"Oh, Sir Peregrine, this is so kind of you," said Lady Mason, coming forward to meet her friend. She was plainly dressed, without any full exuberance of costume, and yet everything about her was neat and pretty, and everything had been the object of feminine care. A very plain dress may occasion as much study as the most elaborate,-and may be quite as worthy of the study it has caused. Lady Mason, I am inclined to think, was by no means indifferent to the subject, but then to her belonged the great art of hiding her artifice.

"Not at all; not at all," said Sir Peregrine, taking her hand and pressing it, as he always did. "What is the use of neighbours if they are not neighbourly?" This was all very well from Sir Peregrine in the existing case; but he was not a man who by any means recognised the necessity of being civil to all who lived near him. To the great and to the poor he was neighbourly; but it may be doubted whether he would have thought much of Lady Mason if she had been less good looking or less clever.

"Ah! I know how good you always are to me. But I'll tell you why I am troubling you now. Lucius went off two days since to Liverpool."

"My grandson told me that he had left home."

"He is an excellent young man, and I am sure that I have every reason to be thankful." Sir Peregrine, remembering the affair in Cowcross Street, and certain other affairs of a somewhat similar nature, thought that she had; but for all that he would not have exchanged his own bright-eyed lad for Lucius Mason with all his virtues and all his learning.

"And indeed I am thankful," continued the widow. "Nothing can be better than his conduct and mode of life; but-"

"I hope he has no attraction at Liverpool, of which you disapprove."

"No, no; there is nothing of that kind. His attraction is-; but perhaps I had better explain the whole matter. Lucius, you know, has taken to farming."

"He has taken up the land which you held yourself, has he not?"

"Yes, and a little more; and he is anxious to add even to that. He is very energetic about it, Sir Peregrine."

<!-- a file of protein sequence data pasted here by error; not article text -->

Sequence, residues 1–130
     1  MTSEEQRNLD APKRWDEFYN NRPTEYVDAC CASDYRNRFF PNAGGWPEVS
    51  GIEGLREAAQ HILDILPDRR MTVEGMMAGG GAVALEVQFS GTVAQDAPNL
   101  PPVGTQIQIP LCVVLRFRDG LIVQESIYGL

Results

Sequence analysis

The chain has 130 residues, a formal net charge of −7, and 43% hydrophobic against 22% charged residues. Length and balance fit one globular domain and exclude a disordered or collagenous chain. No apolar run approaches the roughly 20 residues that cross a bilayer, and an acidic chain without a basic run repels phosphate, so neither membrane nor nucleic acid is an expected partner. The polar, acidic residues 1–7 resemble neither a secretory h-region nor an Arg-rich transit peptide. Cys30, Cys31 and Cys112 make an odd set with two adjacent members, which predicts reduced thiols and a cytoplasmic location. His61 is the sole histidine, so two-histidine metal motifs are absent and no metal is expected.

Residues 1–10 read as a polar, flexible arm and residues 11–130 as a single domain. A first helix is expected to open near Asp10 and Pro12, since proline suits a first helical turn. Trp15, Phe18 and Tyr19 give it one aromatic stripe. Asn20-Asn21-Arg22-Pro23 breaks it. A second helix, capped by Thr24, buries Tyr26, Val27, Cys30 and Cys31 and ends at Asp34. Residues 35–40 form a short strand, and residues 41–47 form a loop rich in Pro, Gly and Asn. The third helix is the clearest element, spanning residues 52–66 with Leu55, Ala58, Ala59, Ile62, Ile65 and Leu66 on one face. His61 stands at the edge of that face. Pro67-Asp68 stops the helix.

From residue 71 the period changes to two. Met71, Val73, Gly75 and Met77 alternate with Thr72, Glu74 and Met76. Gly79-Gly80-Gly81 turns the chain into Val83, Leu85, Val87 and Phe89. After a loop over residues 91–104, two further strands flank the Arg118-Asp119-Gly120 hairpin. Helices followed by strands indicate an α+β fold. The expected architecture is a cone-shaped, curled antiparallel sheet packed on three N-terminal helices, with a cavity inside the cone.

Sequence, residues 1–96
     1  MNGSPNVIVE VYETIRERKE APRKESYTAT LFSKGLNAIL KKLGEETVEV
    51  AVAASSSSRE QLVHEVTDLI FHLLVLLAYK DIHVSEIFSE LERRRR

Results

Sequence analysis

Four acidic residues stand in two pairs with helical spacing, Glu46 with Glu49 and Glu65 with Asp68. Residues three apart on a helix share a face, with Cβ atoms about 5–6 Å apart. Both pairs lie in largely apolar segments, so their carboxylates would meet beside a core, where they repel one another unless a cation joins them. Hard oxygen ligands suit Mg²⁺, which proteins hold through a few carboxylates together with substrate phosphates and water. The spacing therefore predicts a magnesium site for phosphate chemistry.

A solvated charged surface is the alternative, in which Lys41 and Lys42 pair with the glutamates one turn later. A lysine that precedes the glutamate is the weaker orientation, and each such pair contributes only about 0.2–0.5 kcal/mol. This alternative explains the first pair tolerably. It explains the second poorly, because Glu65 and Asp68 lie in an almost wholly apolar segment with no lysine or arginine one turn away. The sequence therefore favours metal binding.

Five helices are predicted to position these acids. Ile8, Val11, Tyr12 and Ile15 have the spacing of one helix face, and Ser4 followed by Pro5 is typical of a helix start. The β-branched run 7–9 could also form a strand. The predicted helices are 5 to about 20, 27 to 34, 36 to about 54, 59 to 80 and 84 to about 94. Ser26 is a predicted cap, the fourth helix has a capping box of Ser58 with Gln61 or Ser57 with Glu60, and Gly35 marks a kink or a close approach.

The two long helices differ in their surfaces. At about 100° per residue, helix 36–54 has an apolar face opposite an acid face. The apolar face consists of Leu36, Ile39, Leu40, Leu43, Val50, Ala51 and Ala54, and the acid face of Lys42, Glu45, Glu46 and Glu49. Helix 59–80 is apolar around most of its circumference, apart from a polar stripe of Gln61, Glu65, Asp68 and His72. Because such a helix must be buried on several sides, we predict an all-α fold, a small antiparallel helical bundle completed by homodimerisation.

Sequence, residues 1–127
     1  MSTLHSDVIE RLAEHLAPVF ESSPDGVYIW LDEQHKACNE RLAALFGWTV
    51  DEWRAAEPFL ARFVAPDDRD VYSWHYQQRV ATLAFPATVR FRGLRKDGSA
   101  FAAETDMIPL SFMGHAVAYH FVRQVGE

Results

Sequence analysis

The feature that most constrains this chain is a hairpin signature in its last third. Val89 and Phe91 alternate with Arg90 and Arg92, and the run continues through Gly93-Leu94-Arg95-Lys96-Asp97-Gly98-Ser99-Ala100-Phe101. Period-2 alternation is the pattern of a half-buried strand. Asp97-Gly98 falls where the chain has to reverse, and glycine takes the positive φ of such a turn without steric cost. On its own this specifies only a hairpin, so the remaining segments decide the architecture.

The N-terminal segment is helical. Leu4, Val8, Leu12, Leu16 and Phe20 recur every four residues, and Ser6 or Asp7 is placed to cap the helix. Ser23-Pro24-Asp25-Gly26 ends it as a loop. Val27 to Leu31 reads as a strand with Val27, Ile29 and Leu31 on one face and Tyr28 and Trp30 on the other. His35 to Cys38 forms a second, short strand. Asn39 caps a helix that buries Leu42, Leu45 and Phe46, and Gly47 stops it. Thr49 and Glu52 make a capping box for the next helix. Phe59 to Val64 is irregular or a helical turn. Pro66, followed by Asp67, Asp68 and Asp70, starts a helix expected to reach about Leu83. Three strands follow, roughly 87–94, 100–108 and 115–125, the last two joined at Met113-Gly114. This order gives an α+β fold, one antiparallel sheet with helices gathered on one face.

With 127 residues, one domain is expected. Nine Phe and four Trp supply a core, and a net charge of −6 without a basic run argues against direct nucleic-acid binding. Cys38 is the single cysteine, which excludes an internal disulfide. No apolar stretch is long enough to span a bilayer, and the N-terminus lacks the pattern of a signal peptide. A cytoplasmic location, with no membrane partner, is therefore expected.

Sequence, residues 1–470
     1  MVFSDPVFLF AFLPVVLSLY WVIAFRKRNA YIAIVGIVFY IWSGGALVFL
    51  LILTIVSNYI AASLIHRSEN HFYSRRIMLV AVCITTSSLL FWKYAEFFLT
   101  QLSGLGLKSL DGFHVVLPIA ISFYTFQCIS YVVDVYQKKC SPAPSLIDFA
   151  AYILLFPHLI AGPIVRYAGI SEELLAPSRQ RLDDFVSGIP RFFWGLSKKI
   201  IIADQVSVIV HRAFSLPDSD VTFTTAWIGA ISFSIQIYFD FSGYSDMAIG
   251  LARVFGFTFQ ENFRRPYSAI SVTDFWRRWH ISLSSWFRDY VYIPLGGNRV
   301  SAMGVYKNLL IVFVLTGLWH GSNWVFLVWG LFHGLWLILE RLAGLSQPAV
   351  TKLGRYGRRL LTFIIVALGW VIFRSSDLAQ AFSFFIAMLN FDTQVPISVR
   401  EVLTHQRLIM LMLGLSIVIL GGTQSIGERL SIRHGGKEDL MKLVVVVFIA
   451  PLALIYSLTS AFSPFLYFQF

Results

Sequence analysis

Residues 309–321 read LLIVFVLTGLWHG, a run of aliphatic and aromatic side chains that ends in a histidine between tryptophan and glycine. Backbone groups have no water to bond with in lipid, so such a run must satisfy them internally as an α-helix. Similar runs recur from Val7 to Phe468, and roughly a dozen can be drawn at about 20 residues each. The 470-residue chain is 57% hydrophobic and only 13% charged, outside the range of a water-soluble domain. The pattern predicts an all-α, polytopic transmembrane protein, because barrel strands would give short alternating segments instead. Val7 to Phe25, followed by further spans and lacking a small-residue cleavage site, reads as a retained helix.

"Well; the life of a gentleman farmer is not a bad one; though in his special circumstances I would certainly have recommended a profession."

"Acting upon your advice I did urge him to go to the bar. But he has a will of his own, and a mind altogether made up as to the line of life which he thinks will suit him best. What I fear now is, that he will spend more money upon experiments than he can afford."

"Experimental farming is an expensive amusement," said Sir Peregrine, with a very serious shake of his head.

"I am afraid it is; and now he has gone to Liverpool to buy-guano," said the widow, feeling some little shame in coming to so inconsiderable a conclusion after her somewhat stately prologue.

"To buy guano! Why could he not get his guano from Walker, as my man Symonds does?"

"He says it is not good. He analyzed it, and-"

"Fiddlestick! Why didn't he order it in London, if he didn't like Walker's. Gone to Liverpool for guano! I'll tell you what it is, Lady Mason; if he intends to farm his land in that way, he should have a very considerable capital at his back. It will be a long time before he sees his money again." Sir Peregrine had been farming all his life, and had his own ideas on the subject. He knew very well that no gentleman, let him set to work as he might with his own land, could do as well with it as a farmer who must make a living out of his farming besides paying the rent;-who must do that or else have no living; and he knew also that such operations as those which his young friend was now about to attempt was an amusement fitted only for the rich. It may be also that he was a little old-fashioned, and therefore prejudiced against new combinations between agriculture and chemistry. "He must put a stop to that kind of work very soon, Lady Mason; he must indeed; or he will bring himself to ruin-and you with him."

Lady Mason's face became very grave and serious. "But what can I say to him, Sir Peregrine? In such a matter as that I am afraid that he would not mind me. If you would not object to speaking to him?"

Sir Peregrine was graciously pleased to say that he would not object. It was a disagreeable task, he said, that of giving advice to a young man who was bound by no tie either to take it or even to receive it with respect.

"You will not find him at all disrespectful; I think I can promise that," said the frightened mother; and that matter was ended by a promise on the part of the baronet to take the case in hand, and to see Lucius immediately on his return from Liverpool. "He had better come and dine at The Cleeve," said Sir Peregrine, "and we will have it out after dinner." All of which made Lady Mason very grateful.